1500 | 2.6% |

2000 | 2.2% |

3000 | 1.8% |

4000 | 1.6% |

5000 | 1.4% |

From this table, one can clearly see that as sample size increases, the margin of error decreases. In order to add additional clarity to this finding, the information from **Table 4.1** is also displayed in** Figure 4.2.**

*Figure 4.2 Relationship Between Sample Size and Margin of Error*

In **Figure 4.2**, you again find that as the sample size increases, the margin of error decreases. However, you should also notice that the amount by which the margin of error decreases is substantial between samples sizes of 200 and 1500. This implies that the accuracy of the estimate is strongly affected by the size of the sample. In contrast, the margin of error does not substantially decrease at sample sizes above 1500. Therefore, pollsters have concluded that it is not worth it to spend additional time and money for samples that contain more than 1500 people.

Sampling Methods can be classified into one of two categories:

**Probability Sampling**: Sample has a known probability of being selected**Judgment Sampling**: Sample does not have known probability of being selected

**Probability Sampling**

In probability sampling it is possible to both determine which sampling units belong to which sample and the probability that each sample will be selected. The following sampling methods, which are listed in **Chapter 4**, are types of **probability sampling**:

**Simple Random Sampling (SRS)****Stratified Sampling****Cluster Sampling****Multistage Sampling****Random-Digit Dialing****Systematic Sampling**

Of the five methods listed above, students have the most trouble distinguishing between **stratified sampling** and **cluster sampling**.

**Stratified Sampling** is possible when it makes sense to partition the population into groups based on a factor that may influence the variable that is being measured. These groups are then called strata. An individual group is called a stratum. With **stratified sampling **one should:

- partition the population into groups (strata)
- obtain a simple random sample from each group (stratum)
- collect data on each sampling unit that was randomly sampled from each group (stratum)

**Stratified sampling** works best when a heterogeneous population is split into fairly homogeneous groups. Under these conditions, stratification generally produces more precise estimates of the population percents than estimates that would be found from a simple random sample. **Table 4.2** shows some examples of ways to obtain a stratified sample.

*Table 4.2. Examples of Stratified Samples*

Example 1 | Example 2 | Example 3 | |

Population | All people in U.S. | All PSU intercollegiate athletes | All elementary students in the local school district |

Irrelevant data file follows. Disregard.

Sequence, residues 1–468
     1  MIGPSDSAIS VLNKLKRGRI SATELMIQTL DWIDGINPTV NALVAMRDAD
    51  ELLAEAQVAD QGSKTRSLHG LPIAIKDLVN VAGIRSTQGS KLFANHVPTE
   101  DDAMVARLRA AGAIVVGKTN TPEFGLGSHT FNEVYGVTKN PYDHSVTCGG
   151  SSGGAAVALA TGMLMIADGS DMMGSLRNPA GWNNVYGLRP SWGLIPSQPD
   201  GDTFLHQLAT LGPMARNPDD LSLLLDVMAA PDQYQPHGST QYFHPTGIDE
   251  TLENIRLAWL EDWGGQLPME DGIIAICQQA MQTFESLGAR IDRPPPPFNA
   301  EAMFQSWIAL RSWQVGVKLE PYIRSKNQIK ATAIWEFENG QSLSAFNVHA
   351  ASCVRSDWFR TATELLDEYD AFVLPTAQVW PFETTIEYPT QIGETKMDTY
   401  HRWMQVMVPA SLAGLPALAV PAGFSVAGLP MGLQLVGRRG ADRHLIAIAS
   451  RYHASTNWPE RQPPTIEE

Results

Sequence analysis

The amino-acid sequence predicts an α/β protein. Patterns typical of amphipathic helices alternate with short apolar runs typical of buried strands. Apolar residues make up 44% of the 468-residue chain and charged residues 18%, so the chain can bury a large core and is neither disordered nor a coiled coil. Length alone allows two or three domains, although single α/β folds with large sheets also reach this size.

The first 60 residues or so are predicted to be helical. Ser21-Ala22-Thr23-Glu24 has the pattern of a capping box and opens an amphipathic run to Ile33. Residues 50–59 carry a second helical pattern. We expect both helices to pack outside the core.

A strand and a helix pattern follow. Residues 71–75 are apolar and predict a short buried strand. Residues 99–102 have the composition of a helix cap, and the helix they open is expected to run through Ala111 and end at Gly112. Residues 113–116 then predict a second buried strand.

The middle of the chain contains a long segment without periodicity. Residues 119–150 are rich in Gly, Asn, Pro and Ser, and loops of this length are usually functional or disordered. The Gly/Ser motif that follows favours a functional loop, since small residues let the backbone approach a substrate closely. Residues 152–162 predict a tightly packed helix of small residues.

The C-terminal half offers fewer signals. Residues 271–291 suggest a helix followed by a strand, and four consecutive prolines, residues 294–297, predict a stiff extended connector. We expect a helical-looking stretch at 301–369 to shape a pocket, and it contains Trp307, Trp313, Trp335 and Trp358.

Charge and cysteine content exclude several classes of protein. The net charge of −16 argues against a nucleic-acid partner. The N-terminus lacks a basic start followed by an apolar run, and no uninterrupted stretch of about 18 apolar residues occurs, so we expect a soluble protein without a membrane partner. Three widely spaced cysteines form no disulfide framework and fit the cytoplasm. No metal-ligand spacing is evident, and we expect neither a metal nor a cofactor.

Groups (Strata) | 4 Time Zones in the U.S. (Eastern,Central, Mountain,Pacific) | 26 PSU intercollegiate teams | 11 different elementary schools in the local school district |

Obtain a Simple Random Sample | 500 people from each of the 4 time zones | 5 athletes from each of the 26 PSU teams | 20 students from each of the 11 elementary schools |

Sample | 4 × 500 = 2000 selected people | 26 × 5 = 130 selected athletes | 11 × 20 = 220 selected students |

**Cluster Sampling** is very different from Stratified Sampling. With **cluster sampling** one should

- divide the population into groups (clusters).
- obtain a simple random sample of so many clusters from all possible clusters.
- obtain data on every sampling unit in each of the randomly selected clusters.

It is important to note that, unlike with the strata in stratified sampling, the clusters should be microcosms, rather than subsections, of the population. Each cluster should be heterogeneous. Additionally, the statistical analysis used with cluster sampling is not only different, but also more complicated than that used with stratified sampling.

*Table 4.3. Examples of Cluster Samples*

Example 1 | Example 2 | Example 3 | |

Population | All people in U.S. | All PSU intercollegiate athletes | All elementary students in a local school district |

Groups (Clusters) | 4 Time Zones in the U.S. (Eastern,Central, Mountain,Pacific.) | 26 PSU intercollegiate teams | 11 different elementary schools in the local school district |

Obtain a Simple Random Sample | 2 time zones from the 4 possible time zones | 8 teams from the 26 possible teams | 4 elementary schools from the l1 possible elementary schools |

Sample | every person in the 2 selected time zones | every athlete on the 8 selected teams | every student in the 4 selected elementary schools |

Each of the three examples that are found in **Tables 4.2** and **4.3 **were used to illustrate how both stratified and cluster sampling could be accomplished. However, there are obviously times when one sampling method is preferred over the other. The following explanations add some clarification about when to use which method.